From Casetext: Smarter Legal Research

Bates v. Casualty Co.

Supreme Court of Appeals of West Virginia
Mar 14, 1944
29 S.E.2d 469 (W. Va. 1944)


No. 9531

Submitted February 8, 1944.

Decided March 14, 1944.

Error to Circuit Court, Raleigh County.

Action by Ellis Bates against Inter-Ocean Casualty Company, originally instituted before a justice of the peace, to recover for a personal injury under an industrial insurance policy. Judgment for plaintiff, and defendant brings error.

Reversed and dismissed.

Scherer, Bowers File, for plaintiff in error.

W. A. Thornhill, Jr., for defendant in error.

This proceeding was brought before a justice of the peace in Raleigh County for the purpose of recovering for a personal injury under what may be termed an industrial insurance policy. Judgment in favor of the plaintiff for three hundred dollars was rendered November 21, 1942. Defendant appealed to the Circuit Court, and the matter was submitted under an agreed statement of facts, the judge acting in lieu of a jury, and from a finding and judgment for the plaintiff, this Court granted a writ of error.

Plaintiff, on December 9, 1941, had one of his legs so severely injured by a slate fall in a coal mine where he was employed as a loader, that it was necessary on March 3, 1942, to amputate the injured member four inches above the knee. The policy under the terms of which recovery is sought was then in effect. A claim of loss was evidently filed, and thereafter, on March twenty-first, he accepted from Inter-Ocean Casualty Company, indorsed and used, a draft for one hundred eighty-nine dollars and fifty cents, being the amount of two hundred dollars payable to an insured "for loss of one hand or one foot" under "Part I" of the policy, minus premiums aggregating ten dollars and fifty cents admittedly due the insurer for the months of January, February and March. The plaintiff's present claim is based upon the provisions of "Part II" of the policy, which provides for a weekly indemnity of ten dollars for not more than fifty-two consecutive weeks to an insured who is "wholly and continuously disabled due to an accidental injury alone", the total disability of the plaintiff due to accident for the named period being conceded.

There being no controversy concerning the facts, there are but two questions to be decided, under the assignments of error before this Court:

Does the payment of its complete liability under the provisions of Part I of the policy fully satisfy all liability under both Part I and Part II of the insurance contract when read together, and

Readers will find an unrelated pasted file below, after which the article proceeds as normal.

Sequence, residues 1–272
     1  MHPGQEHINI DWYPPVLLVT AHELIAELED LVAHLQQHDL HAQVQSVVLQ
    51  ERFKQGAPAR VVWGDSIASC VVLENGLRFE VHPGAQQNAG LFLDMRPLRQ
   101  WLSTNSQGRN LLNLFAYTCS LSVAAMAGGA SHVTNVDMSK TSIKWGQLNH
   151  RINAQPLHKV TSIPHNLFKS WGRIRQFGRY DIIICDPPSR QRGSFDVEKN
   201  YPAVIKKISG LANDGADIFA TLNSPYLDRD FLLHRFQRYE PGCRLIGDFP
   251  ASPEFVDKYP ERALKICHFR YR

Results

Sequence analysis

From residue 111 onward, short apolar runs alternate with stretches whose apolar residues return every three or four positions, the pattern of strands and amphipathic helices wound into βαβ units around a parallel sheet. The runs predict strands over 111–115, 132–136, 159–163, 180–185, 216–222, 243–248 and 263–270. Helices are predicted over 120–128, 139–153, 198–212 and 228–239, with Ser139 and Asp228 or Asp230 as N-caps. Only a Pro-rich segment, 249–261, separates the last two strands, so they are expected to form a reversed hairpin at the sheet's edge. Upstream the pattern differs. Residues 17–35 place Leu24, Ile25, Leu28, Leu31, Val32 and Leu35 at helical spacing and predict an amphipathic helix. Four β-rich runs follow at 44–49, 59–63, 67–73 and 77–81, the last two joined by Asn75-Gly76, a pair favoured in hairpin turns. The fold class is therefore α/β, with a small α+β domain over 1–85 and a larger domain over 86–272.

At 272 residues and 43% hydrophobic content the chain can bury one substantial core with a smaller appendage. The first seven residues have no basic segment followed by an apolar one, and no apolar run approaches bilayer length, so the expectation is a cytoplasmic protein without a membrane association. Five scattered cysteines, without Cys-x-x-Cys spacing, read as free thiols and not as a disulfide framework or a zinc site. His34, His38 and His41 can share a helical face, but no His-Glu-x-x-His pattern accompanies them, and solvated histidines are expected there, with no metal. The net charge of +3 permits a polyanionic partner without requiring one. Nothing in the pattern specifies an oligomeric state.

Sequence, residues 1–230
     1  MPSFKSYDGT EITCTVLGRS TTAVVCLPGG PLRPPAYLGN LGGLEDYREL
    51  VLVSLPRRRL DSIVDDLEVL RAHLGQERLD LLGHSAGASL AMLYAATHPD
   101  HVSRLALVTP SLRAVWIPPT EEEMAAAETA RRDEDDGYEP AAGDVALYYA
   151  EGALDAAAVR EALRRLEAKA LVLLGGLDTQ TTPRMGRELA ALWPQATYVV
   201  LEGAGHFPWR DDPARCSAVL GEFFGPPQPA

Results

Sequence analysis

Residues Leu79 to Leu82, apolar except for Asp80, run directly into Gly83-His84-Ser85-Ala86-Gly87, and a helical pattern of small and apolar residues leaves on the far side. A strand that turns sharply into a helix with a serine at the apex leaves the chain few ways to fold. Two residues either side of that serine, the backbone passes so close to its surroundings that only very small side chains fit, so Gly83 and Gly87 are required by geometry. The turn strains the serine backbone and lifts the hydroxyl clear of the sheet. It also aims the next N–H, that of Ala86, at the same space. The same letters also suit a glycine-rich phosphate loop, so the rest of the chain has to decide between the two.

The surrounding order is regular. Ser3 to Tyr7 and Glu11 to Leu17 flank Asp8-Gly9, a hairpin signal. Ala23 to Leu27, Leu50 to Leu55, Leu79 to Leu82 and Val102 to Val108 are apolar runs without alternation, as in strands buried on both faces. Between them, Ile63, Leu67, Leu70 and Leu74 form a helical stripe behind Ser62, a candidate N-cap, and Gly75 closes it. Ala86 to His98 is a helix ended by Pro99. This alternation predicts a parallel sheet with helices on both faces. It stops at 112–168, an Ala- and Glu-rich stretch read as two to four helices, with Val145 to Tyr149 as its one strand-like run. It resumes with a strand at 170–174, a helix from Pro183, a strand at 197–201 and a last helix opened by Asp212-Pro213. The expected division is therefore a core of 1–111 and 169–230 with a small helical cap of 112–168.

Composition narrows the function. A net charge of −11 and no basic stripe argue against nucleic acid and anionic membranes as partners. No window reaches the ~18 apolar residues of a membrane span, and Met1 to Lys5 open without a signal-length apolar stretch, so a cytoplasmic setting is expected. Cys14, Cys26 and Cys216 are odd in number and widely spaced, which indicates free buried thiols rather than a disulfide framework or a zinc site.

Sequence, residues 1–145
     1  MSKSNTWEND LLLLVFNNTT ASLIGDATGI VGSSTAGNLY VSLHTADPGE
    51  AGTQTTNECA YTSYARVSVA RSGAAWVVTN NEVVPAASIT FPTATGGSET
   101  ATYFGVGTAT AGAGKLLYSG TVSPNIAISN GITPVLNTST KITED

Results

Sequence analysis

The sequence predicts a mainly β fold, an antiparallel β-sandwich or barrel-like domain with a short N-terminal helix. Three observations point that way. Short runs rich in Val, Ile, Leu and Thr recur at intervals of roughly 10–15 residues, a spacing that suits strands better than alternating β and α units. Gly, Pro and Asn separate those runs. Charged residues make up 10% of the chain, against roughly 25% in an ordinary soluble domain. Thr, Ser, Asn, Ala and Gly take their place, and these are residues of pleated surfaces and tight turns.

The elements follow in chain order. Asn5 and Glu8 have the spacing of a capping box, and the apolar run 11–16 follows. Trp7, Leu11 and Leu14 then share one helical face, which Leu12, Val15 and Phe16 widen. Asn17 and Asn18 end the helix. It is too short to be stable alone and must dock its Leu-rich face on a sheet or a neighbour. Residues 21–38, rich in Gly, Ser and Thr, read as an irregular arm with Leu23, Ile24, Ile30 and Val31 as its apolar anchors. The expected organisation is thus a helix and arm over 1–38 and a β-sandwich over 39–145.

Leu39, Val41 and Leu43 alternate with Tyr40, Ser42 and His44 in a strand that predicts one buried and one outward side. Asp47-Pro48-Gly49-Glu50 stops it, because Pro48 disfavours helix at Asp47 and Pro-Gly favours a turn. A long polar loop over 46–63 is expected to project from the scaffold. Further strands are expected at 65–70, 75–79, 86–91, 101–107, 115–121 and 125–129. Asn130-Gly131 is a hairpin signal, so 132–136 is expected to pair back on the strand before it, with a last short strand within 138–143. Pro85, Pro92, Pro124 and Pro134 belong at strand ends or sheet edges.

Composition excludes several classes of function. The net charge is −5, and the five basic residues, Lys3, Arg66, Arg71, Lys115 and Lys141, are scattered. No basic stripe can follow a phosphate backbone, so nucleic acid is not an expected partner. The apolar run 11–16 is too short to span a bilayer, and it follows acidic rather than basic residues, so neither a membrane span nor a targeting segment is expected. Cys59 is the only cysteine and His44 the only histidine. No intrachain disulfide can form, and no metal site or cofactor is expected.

Does the receipt of the company's draft, used and indorsed by the claimant and bearing the following notation on its back above the claimant's signature constitute a total release of the insurer's liability: "The above balance being in full satisfaction, compromise and final settlement of all claims accrued or to accrue against Inter-Ocean Casualty Co., Cincinnati, Ohio, on account of any accident already sustained and any disease and any illness heretofore contracted."

It will be observed that if there is no additional liability against the defendant under the terms and conditions of the insurance policy in question beyond the amount already received by plaintiff, the second question is not reached.

The policy in question specifically covers loss by accident of certain parts of the body, and disability resulting from accident. There seems to be no general coverage under its provisions relating to loss of a member of the body. The coverage is entirely specific and only the provision applying to the loss of a foot covers the loss of a leg. There is no additional coverage for the entire or partial loss of a leg or an arm. Furthermore, the first sentence in Part I of the policy contains the following language:

"The company will pay for such loss, in lieu of all other indemnity under this policy, the following specific sum * * *." (Italics supplied)

And Part II, under the terms of which plaintiff now seeks recovery, provides in addition the following:

"Provided, That indemnity under this Part shall not be paid for a longer period than fifty-two consecutive weeks, nor for disability resulting from any loss specified in part I; * * *."

The loss of a foot is specified in Part I. Unfortunately, there is no provision of the policy which insures against his additional loss.